The NYU Russian art historian who took all who wanted (10 people) on a tour she called “Russian Art in the Metropolitan Museum” first stopped by a French painting: “Joan D’Arc” by Jules Bastien–Lepage.
“My friends, can you guess why we stopped here?” she asked quizzically.
“Look at it! Isn’t there just something familiar about it?” She insisted, her dark eyes glorying with her secret.
The French artist Jean Lepage painted “Joan D’Arc” in 1880s.
By then, Joan of Arc was old, old news in a world which was getting increasingly intoxicated with newer and newer ways to be ‘modern’. But Lepage came from Joan’s birth town and he had something to say.
His painting was exhibited in Paris in 1889, and more or less, flopped. European critics were primarily skeptical. They liked the figure of Joan – it was adorable, it was tangible; a peasant with inspired eyes always is.
But what was it with the saints in the background?What a roaring contradiction in a realist painting from a realist artist.
Impressionism (nature) and iconography (holy figures), and realism (Joan) all in one?
Though canst serve more than one lord, was the verdict of the critics, as they moved on to the next painting.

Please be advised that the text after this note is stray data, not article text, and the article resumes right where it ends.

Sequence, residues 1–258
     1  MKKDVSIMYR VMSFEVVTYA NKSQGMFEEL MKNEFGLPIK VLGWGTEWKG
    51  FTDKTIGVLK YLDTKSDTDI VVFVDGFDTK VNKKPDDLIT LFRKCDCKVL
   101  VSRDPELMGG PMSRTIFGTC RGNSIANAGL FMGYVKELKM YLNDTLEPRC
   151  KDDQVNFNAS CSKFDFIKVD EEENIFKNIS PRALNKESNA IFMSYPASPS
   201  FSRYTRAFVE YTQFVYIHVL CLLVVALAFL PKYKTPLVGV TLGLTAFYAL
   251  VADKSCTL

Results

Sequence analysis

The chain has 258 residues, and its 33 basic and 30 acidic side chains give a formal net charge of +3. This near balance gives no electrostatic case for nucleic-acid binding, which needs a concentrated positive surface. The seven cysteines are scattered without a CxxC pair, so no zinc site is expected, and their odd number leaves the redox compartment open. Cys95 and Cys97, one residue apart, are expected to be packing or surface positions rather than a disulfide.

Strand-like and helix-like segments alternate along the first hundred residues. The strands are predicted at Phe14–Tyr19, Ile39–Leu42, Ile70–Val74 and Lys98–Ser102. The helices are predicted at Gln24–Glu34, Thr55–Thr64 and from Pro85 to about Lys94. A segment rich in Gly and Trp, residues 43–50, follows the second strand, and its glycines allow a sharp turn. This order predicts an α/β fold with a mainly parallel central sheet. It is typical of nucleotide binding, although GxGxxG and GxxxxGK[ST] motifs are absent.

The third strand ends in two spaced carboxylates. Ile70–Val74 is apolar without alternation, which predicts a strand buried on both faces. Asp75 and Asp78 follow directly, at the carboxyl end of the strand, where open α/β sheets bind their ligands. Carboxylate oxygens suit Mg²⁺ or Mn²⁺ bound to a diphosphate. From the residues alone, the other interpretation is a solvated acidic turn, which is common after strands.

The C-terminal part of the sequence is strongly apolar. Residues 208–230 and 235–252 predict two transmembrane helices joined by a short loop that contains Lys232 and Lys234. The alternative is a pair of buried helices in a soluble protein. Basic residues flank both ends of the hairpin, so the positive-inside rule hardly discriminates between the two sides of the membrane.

But one person, a Russian, was spellbound.
Mikhail Nesterov, artist of nostalgia and monks, was in Paris at the time.
When he saw the painting at the same exhibit, he decided that it was the one most priceless thing he had seen in all of Europe; the one thing that justified the time he spent in the exhibition, in Paris, in Europe in its entirety.
“I kept trying to comprehend how Bastien–Lepage could have risen to such a height, a height unattainable to the outward vision of the French.
Bastien–Lepage, here, was a Slav, Russian, with our secret, sacred search for the depths of human drama…
The entire effect, all the power of Joan D’Arc was in her extreme simplicity, naturalness, and in that unique, never to be repeated, expression of the eyes of the shepherdess from Domrémy; those eyes were the special secret of the artist:
He came home and eventually drew what came to be known as his masterpiece: A painting of the beloved Russian Saint, Sergius of Radonezh.
The painting catches the saint still a vulnerable, tortured boy at his first encounter with the divine world.
It’s the same dynamic looking, and seeing–for the first time–something different, something extraordinary, something…from above.